Fifteen months after the catastrophic earthquake flattened Haiti, and after thousands died in the cholera epidemic that peaked around Christmas, a traumatized nation is getting ready to face its next disaster—rainy season and the return of cholera, the invisible killer. Rainy season in Haiti is April-May.
Cholera had not been seen in Haiti for the last 100 years. It caught people totally unprepared and has frightened them even more than the earthquake did. To make matters worse, experts predict the lethal disease cholera will settle in to become an endemic, long-term problem for the country.
Cholera first appeared in Haiti last October. French epidemiologist Renaud Piarroux, who conducted research on behalf of the French and Haitian governments, determined that United Nations peacekeepers from Nepal were the most likely source of the disease. Another group of scientists hypothesized that the cholera outbreak was triggered by climate changes caused by the ocean atmosphere phenomenon La Niña, combined with a plunge in water and sanitation conditions following the January earthquake.
While the origins of the disease may be ambiguous, its deadly impact is clear. A report by the Haitian Ministry of Public Health and Population issued on March 24, found that cholera has so far infected 268,444 people and killed 4,758 people in all 10 regions across the country. Artibonite was hit hardest, followed by Grande Anse, and the capital Port-au-Prince where 552 people died. Mortality rates were lowest in Port-au-Prince because of greater education about prevention and better access to treatment centers.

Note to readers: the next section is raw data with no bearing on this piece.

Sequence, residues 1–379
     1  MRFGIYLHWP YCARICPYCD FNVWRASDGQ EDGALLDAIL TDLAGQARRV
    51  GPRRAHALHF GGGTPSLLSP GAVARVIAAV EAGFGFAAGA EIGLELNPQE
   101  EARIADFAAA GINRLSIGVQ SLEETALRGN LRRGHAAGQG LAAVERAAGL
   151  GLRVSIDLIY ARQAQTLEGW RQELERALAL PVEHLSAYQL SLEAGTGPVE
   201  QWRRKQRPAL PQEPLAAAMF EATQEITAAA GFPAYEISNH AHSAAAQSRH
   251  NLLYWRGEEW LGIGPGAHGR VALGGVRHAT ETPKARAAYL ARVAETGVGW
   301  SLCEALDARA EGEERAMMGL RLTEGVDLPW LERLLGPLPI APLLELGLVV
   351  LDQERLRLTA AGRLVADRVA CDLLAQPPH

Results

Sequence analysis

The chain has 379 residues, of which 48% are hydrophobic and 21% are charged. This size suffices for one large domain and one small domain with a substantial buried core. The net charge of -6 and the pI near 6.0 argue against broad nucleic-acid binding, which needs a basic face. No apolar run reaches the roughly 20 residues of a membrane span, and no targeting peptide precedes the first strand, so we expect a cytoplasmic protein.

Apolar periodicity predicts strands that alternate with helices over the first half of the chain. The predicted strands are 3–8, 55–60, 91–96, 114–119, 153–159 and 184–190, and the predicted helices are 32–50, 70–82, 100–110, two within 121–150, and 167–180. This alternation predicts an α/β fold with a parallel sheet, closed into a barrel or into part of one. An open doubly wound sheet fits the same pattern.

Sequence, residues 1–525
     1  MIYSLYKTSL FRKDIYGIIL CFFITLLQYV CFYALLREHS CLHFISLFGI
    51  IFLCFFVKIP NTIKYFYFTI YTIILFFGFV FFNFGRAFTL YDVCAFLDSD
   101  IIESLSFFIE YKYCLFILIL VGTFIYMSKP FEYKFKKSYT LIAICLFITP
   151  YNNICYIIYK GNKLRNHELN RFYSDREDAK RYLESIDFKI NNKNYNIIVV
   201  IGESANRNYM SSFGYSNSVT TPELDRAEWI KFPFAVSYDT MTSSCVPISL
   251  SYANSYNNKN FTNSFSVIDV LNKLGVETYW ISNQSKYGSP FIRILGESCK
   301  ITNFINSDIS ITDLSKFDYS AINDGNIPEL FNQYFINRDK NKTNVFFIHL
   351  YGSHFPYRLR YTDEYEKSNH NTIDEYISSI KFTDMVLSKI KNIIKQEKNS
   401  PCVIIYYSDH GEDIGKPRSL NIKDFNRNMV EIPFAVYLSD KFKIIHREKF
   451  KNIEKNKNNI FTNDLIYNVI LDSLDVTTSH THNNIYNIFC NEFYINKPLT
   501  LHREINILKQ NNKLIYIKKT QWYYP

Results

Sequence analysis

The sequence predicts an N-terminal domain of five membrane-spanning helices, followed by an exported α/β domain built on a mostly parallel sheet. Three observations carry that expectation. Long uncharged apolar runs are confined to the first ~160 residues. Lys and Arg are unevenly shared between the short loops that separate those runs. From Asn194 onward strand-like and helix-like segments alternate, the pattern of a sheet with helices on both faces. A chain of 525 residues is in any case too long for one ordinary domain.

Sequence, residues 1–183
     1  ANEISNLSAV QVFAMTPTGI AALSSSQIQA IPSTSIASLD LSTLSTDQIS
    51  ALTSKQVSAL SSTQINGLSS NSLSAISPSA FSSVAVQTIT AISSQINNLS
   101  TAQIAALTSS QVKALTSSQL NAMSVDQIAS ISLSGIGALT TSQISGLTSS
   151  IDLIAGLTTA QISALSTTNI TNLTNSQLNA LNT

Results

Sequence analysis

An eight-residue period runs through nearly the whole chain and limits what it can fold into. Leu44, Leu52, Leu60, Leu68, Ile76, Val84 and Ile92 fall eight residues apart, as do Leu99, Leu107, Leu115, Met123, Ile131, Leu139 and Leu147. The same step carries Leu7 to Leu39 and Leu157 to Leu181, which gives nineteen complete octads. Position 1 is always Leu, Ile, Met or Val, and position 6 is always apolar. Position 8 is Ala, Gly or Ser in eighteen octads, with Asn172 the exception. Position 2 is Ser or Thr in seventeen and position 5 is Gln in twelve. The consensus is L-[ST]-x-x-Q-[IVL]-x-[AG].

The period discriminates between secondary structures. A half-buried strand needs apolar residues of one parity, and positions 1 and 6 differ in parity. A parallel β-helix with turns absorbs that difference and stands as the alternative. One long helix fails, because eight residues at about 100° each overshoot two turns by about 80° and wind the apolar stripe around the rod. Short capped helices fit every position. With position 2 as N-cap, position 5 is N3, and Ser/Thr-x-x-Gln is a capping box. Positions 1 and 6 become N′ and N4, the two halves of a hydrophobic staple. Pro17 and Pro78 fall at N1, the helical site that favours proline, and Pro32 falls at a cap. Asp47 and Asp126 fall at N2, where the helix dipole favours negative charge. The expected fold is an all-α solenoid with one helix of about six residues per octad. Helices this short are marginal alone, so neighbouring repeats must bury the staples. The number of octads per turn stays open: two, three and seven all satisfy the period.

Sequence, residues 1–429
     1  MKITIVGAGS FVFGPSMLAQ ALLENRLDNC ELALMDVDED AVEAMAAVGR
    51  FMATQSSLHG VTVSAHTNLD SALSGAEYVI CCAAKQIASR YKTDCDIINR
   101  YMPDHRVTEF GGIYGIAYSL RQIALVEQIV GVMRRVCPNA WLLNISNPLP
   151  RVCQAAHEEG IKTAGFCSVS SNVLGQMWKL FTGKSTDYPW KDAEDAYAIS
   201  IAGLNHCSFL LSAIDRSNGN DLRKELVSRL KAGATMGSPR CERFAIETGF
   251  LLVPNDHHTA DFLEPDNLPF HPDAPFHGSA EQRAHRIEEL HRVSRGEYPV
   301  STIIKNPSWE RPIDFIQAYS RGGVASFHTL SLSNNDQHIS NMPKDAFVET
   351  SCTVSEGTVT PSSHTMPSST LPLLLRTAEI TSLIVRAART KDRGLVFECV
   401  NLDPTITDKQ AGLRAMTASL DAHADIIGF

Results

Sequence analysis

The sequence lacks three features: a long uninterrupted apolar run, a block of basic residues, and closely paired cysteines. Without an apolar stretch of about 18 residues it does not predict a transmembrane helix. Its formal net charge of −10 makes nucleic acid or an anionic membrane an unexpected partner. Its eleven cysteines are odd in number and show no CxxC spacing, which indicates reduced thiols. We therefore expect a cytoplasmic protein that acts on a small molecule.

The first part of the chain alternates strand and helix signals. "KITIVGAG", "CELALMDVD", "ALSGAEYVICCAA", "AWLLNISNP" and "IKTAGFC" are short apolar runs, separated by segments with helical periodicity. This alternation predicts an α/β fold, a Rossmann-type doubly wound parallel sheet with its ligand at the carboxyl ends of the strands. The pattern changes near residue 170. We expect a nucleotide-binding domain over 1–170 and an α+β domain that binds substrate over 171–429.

Story continues following slide show. [etssp 317]
Since Haitians had had no experience with cholera, at the beginning, they didn't know it could be transmitted only via water and could be avoided by maintaining basic hygiene like washing hands before eating and boiling water used for cooking. Untreated, cholera can kill within a few hours after severe diarrhea and vomiting begins.
“People are really scared, because unlike the earthquake, they cannot see or touch cholera. Haitians thought cholera was similar to AIDS or other sexually transmitted diseases. Many attributed it to evil spirits,” said Giordano Cossu, independent journalist and documentary maker, and co-author with Benoit Cassegrain of a Web documentary on Haiti called “Goudou Goudou, the Ignored Voices of Reconstruction.” Goudou Goudou is Haitians’ name for the earthquake, onomatopoeia for the quake’s deadly sound.
Cossu says the best way to survive cholera is to reach a cholera treatment center, where they infuse you with fluids and salts. He relates a heartbreaking story of a young couple, living in a camp, with two children—a 6-year-old boy and a few-month-old baby.
One day, Mario’s wife showed symptoms of cholera so Mario took her to a hospital. It saved her life, but in his absence, their young son developed symptoms and died within hours.
Cossu explains that in the camps, people are so poor, and their lives are mutually dependent. Those who are sick and make it through are considered dangerous, and will be shunned by neighbors, which is what happened to Mario and his family.
“So this side of cholera creates another social problem—alienation—people don’t know what to do, feeling desperate.”
Maintaining a normal social life in Haiti proves as hard as having normal sanitation. This is because more than 1.5 million people are still living in makeshift camps. The majority of households don’t have toilets and lack access to safe drinking water, which aids the spread of cholera.
Next: Dangerous Places